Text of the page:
Vitamin D

Vitamin D is critically important for bone health.9, 10 It facilitates the absorption of calcium from the intestines. Unfortunately, many American adults do not get enough Vitamin D. Levels may especially be low in the elderly, in those who are housebound or inactive, and in those who live in northern climates. If you suspect you do not get enough sunshine and Vitamin D, talk with your doctor about adding a supplement.

Vitamin D is synthesized in the skin from exposure to sunlight, and is also found in eggs, butter, liver, fatty fish, and milk. Being exposed to 10 to 15 minutes of sunlight just a few days a week without wearing sunscreen can help to meet your Vitamin D needs.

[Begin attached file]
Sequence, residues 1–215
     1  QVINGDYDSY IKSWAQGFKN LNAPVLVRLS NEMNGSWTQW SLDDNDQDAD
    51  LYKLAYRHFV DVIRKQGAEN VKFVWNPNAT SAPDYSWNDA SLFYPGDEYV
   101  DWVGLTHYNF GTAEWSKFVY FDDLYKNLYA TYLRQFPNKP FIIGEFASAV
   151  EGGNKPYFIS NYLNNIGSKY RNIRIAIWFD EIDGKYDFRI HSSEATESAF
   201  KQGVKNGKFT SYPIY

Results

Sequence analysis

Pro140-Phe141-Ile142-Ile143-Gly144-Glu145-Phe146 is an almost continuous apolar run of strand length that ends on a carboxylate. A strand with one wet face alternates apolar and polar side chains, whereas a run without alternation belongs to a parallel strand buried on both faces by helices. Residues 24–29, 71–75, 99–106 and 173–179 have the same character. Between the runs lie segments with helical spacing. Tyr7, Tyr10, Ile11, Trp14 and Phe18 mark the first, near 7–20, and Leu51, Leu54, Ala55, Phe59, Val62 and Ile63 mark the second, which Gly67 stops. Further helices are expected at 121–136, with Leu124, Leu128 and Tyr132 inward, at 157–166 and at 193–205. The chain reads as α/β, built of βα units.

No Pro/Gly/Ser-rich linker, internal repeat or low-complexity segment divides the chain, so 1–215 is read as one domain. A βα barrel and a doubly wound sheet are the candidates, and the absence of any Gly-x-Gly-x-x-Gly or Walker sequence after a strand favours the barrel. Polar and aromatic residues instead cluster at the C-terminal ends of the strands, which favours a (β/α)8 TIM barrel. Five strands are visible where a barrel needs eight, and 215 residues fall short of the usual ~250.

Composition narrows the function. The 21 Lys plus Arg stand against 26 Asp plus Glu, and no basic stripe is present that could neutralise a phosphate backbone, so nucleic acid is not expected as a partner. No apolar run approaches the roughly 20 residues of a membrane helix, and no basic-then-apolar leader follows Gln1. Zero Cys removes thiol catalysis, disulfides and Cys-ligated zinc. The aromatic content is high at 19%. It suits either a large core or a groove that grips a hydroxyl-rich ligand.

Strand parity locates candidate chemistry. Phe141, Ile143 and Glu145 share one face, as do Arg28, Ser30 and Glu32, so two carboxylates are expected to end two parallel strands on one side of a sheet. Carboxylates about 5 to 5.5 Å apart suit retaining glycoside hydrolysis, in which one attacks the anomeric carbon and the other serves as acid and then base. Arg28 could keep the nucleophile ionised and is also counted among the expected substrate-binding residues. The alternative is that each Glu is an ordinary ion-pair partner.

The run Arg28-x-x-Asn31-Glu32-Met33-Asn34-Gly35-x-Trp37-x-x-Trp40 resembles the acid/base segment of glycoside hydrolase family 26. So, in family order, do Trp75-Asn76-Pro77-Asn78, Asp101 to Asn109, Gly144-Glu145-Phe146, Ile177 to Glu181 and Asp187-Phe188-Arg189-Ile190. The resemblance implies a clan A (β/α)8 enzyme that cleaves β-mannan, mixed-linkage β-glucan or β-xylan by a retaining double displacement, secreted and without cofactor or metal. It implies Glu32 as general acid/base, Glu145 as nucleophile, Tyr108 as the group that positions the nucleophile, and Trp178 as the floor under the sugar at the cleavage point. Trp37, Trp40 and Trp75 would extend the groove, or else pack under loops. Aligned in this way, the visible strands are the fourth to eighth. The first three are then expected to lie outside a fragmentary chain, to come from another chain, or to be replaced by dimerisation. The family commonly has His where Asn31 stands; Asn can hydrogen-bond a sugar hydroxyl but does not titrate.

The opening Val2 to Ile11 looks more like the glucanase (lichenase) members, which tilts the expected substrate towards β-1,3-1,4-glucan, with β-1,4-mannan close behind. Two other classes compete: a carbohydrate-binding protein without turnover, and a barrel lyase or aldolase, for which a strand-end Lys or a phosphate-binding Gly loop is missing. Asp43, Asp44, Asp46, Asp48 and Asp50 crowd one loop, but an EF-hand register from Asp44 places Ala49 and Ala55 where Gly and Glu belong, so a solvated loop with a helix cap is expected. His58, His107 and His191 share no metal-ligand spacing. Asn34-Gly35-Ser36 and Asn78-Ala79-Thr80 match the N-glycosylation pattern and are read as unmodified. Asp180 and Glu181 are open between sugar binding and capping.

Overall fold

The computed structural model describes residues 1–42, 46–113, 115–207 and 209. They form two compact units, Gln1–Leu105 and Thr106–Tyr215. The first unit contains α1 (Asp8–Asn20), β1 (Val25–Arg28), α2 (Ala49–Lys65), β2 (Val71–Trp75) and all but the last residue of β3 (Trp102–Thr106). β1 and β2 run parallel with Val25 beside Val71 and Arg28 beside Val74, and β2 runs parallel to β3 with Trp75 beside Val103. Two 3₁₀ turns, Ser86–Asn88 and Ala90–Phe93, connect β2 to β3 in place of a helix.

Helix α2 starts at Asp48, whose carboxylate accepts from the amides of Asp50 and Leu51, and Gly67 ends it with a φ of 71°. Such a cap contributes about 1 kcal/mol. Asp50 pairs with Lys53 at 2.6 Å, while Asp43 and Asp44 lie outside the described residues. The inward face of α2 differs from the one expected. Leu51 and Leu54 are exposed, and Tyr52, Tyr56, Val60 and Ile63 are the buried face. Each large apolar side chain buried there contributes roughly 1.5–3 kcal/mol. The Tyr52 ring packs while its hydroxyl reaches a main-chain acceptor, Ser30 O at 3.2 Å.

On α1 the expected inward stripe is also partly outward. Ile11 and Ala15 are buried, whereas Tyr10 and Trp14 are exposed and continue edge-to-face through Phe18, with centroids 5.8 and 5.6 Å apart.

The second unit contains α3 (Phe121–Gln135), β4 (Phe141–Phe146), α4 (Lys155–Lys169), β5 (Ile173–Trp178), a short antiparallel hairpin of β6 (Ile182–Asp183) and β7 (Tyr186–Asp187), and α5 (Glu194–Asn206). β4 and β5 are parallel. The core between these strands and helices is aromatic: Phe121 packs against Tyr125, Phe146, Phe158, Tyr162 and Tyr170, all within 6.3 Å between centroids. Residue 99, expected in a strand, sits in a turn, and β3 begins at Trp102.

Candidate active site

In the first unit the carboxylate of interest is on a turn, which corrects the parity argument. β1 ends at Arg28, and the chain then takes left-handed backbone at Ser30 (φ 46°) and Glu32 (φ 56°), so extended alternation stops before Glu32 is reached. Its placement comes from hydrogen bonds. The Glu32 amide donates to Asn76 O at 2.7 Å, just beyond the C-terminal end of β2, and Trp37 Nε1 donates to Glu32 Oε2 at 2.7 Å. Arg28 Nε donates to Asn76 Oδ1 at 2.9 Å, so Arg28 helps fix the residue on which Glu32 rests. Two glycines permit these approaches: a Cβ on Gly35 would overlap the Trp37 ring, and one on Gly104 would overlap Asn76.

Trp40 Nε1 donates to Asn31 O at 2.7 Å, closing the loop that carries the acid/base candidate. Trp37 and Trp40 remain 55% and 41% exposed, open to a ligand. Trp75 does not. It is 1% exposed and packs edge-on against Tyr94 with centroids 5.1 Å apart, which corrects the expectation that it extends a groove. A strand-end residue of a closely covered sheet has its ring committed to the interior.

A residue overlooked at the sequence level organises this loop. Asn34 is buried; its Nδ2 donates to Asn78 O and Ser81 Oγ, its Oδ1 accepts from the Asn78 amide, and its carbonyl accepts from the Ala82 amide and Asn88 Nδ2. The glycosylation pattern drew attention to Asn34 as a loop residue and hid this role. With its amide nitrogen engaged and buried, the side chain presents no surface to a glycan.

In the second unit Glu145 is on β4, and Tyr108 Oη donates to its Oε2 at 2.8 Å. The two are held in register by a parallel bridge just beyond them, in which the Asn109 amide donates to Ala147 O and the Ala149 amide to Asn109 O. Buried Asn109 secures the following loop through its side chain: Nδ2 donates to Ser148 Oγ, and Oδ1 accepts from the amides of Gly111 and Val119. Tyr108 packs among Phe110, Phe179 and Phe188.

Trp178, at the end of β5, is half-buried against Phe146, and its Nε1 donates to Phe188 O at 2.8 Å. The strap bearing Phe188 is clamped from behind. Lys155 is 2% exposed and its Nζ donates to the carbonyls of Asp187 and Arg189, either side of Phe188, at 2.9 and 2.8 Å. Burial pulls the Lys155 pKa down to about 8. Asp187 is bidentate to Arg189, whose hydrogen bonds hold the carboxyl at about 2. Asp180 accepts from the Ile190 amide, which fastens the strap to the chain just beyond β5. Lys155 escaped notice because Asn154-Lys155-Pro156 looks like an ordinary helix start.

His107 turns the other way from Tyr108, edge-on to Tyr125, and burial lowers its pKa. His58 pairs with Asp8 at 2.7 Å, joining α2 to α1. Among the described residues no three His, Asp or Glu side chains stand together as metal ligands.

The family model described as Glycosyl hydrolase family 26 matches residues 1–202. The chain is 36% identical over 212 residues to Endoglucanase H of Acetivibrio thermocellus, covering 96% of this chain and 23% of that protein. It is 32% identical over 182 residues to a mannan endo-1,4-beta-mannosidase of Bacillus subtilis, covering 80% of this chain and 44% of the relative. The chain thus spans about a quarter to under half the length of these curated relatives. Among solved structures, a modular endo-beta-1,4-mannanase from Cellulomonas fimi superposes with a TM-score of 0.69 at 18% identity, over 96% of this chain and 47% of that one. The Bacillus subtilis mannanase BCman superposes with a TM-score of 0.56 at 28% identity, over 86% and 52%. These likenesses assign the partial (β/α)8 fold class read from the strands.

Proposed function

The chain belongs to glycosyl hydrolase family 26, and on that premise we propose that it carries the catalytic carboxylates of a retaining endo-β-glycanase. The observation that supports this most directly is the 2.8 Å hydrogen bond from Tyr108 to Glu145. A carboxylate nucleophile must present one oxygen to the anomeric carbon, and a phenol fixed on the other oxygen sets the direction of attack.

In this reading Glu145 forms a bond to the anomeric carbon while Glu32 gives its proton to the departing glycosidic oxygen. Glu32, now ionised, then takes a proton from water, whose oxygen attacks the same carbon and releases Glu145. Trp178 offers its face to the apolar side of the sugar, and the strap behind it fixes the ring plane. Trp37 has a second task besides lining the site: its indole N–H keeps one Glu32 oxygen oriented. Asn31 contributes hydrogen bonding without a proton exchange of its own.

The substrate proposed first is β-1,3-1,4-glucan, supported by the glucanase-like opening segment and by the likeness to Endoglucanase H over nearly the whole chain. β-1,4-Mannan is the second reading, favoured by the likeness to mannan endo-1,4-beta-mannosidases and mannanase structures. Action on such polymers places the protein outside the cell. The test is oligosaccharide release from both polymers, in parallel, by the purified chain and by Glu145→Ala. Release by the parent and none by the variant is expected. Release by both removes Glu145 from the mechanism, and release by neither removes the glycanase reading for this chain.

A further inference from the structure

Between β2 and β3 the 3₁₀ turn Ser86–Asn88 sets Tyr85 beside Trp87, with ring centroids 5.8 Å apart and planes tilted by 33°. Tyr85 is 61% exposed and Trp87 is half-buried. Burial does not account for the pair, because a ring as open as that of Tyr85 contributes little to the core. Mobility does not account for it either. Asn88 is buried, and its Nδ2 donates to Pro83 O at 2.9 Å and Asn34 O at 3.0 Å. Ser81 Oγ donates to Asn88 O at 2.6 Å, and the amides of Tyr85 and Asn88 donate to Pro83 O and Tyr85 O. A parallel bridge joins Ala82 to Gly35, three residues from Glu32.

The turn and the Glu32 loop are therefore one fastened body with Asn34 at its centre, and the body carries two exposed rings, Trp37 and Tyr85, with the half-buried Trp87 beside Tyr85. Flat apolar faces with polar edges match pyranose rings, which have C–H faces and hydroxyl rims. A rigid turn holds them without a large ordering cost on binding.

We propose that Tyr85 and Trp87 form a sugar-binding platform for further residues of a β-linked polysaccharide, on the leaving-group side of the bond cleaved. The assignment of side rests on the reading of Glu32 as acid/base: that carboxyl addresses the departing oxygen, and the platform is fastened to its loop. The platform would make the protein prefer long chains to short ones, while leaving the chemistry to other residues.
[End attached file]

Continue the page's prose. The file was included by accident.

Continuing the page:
Supplementation is safe and effective if taken within a dosage of 400 I.U. (the RDI) to 800 I.U. per day.

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Murray M. Encyclopedia of Nutritional Supplements. Rocklin, California: Prima Publishing, 1996.

Whitney E, Cataldo C, Rolfes S. Understanding Normal and Clinical Nutrition. St. Paul, Minnesota: West Publishing Company, 1987.

1. Von Schacky C, et al. Ann Intern Med. 1999; 107:554-562.

2. Semba RD. Clin Infect Dis. 1994; 19:489-499.

3. Chan AC. J Nutr. 1998;128:1593-1596.

4. Asano K, et al. Planta Medica. 1986; 3:175-177.

5. Giovannucci E, et al. J Natl Cancer Inst 1995 Dec 6; 87:1767-76.

6. Singh RB, et al. Cardiovasc Drugs Ther. 1998; 12:347-353.

7. Lobo A, et al. Am J Cardiol. 1999; 83:821-825.

8. Giles, et al. Ann Epidemiol. 1998; 8:490-496.

9. Wilt TJ, et al. JAMA. 1998; 280:1604-1609.

10. Deroisy R, et al. Curr Thera Res. 1998; 59:850-862.